I finished teaching my Finance class last Thursday night about 9 pm. As I headed outside our campus building in lower Manhattan, I heard loud beating of propellers from the police helicopter that ominously hovered overhead. There were at least a dozen police vehicles with flashing blue and red lights nearby. I found myself on the edge of a demonstration at the Staten Island Ferry, just across Battery Park from the campus. People were protesting the decision of the grand jury to not indict a New York City policeman in the homicide of Eric Garner.
The media and racial advocates are focused almost exclusively on the facts of a black man's death from a heart attack following a violent struggle with a group of white police. As a white man who has never experienced racial discrimination of the kind faced by black men (e.g., I've never been stopped by police for DWB - driving while black), the racial overtones of the video encounter of this case do not strike me with the same visceral force as they would to a black man.
I am angered however at the senselessness of the whole tragic episode. Why were the police even involved in this confrontation of a man who was bothering nobody? Mr. Garner was engaged in a peaceful act of enterprise (obviously, not free enterprise), trying to earn a little income to live a little better. How does that threaten public safety, in a way that justifies police force? Selling untaxed cigarettes? Really? Does that call forth the power of the police state? Is the state (and the city - according to Mayor Di Blasio, "the law is the law") so offended by this act of defiance to its over-regulating, over-bearing, and over-taxing ways that police force is called for? Were the neighbors offended by his private enterprise, and called in the police? Did his customers complain?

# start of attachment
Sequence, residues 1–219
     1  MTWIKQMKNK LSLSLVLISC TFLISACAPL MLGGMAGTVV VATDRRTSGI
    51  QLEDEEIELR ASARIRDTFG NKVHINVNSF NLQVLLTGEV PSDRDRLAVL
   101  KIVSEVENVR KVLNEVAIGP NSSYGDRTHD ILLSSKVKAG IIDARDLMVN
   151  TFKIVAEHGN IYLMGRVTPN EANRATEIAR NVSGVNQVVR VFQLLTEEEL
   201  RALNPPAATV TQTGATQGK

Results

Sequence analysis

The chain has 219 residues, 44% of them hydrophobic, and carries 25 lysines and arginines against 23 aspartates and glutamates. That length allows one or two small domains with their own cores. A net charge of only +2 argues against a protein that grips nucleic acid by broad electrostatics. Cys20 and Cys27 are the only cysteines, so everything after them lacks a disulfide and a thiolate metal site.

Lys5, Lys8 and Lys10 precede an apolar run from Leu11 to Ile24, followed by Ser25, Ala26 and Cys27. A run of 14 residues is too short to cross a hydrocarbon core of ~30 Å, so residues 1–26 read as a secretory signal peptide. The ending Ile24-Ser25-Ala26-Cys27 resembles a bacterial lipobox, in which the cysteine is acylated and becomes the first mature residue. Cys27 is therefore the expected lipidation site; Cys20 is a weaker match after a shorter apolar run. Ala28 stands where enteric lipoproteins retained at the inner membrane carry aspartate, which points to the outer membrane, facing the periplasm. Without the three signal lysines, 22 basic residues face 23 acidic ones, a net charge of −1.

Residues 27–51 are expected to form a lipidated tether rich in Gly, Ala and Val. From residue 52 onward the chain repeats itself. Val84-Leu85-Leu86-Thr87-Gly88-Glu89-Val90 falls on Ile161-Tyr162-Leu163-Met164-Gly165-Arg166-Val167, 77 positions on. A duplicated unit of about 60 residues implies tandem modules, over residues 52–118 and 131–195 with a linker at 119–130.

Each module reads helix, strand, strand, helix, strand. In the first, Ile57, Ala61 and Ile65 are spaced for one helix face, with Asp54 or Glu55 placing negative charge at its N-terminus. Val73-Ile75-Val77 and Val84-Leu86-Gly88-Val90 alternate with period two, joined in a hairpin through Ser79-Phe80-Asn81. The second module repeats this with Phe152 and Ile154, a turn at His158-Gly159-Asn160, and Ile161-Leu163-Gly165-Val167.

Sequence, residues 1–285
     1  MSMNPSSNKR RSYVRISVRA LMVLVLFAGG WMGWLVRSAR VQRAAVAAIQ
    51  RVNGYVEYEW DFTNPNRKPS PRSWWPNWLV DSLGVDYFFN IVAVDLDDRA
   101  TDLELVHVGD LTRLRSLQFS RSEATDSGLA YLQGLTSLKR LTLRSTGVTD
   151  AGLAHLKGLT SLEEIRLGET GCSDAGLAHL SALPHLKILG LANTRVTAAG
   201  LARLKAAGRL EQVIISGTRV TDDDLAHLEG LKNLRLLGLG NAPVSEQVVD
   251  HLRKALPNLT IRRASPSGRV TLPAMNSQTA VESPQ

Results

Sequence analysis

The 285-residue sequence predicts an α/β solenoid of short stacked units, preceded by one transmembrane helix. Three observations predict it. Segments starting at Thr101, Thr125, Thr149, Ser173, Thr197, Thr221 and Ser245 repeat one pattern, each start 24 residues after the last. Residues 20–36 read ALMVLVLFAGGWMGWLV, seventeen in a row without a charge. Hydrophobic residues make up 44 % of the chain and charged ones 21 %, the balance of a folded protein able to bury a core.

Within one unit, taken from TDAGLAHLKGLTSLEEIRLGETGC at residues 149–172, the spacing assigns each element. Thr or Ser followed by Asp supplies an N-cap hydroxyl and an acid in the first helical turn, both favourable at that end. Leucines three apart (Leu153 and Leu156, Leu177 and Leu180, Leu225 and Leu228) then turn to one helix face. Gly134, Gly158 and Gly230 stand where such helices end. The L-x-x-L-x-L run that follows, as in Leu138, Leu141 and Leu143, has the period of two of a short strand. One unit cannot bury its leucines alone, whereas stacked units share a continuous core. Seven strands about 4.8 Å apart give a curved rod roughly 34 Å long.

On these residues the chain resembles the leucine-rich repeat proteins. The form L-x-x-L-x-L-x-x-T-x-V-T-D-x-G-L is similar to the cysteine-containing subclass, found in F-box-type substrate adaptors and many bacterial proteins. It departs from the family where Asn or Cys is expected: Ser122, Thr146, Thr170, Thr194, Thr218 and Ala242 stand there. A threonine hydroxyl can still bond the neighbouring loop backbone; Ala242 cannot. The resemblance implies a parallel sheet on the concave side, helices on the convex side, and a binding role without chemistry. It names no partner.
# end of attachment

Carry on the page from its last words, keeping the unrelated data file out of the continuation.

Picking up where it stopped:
Does anyone else think there is something terribly wrong here, and it is not with actions by Mr. Garner? The tax hungry state is out of control, using police power to crack down on petty black market sales, to enforce the obscene taxation that created the black market in the first place. The police should be our heroes, protecting people and neighborhoods from thugs, not acting as thugs on behalf of the state.
Mr. Garner spoke for every liberty loving American when he spoke to the police shortly before they put him in the chokehold that would lead to his death. He said, "I'm minding my business, Officer. I'm minding my business. Please just leave me alone."
That's a polite way to say "Don't Tread on Me". RIP, Mr. Garner.